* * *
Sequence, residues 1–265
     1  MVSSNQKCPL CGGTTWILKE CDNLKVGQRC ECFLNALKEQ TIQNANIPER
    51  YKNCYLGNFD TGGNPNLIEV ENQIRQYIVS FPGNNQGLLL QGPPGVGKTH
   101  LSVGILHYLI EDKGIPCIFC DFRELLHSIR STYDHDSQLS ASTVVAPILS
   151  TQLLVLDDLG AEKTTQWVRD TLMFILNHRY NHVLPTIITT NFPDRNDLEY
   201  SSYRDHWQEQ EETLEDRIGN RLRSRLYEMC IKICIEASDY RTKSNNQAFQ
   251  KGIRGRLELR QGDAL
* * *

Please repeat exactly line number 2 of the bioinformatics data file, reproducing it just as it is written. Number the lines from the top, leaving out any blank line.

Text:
     1  MVSSNQKCPL CGGTTWILKE CDNLKVGQRC ECFLNALKEQ TIQNANIPER